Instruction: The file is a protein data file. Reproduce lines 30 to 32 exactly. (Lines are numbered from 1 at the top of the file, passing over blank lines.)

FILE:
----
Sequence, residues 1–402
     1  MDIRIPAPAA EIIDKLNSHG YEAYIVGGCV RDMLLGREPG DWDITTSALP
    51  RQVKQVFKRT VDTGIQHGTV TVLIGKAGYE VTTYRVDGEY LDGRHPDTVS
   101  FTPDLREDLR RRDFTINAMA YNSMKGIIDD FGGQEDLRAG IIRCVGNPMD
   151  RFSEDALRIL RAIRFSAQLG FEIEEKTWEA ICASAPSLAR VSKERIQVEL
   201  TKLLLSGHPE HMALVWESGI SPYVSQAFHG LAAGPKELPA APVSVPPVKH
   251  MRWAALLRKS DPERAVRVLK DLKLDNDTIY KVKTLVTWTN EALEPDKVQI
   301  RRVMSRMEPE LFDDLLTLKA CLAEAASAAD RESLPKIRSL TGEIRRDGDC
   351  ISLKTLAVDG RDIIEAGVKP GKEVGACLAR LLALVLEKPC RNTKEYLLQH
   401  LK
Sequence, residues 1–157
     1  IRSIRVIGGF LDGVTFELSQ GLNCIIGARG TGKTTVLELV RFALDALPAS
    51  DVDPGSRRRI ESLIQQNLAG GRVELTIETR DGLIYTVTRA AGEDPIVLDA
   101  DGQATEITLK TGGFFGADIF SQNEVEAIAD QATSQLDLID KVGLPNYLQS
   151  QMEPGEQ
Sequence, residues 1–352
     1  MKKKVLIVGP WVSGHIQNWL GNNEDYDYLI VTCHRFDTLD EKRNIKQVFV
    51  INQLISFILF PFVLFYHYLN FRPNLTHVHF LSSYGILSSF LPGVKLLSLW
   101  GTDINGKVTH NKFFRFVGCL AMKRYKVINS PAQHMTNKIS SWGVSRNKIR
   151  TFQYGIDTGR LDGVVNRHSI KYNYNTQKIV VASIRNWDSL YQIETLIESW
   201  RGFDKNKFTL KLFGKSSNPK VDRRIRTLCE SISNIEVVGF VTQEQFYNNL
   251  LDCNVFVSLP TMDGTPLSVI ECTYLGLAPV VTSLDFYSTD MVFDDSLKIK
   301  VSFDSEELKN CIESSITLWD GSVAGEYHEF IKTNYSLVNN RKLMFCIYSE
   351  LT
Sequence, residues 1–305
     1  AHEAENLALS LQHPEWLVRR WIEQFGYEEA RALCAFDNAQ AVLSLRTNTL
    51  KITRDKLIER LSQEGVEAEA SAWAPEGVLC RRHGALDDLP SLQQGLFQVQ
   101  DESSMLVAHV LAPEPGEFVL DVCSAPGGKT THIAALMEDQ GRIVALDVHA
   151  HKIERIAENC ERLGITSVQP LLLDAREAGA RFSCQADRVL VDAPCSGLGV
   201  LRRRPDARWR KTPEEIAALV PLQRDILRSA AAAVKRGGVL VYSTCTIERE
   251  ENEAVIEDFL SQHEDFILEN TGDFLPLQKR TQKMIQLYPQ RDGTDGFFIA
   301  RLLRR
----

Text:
   201  LRRRPDARWR KTPEEIAALV PLQRDILRSA AAAVKRGGVL VYSTCTIERE
   251  ENEAVIEDFL SQHEDFILEN TGDFLPLQKR TQKMIQLYPQ RDGTDGFFIA
   301  RLLRR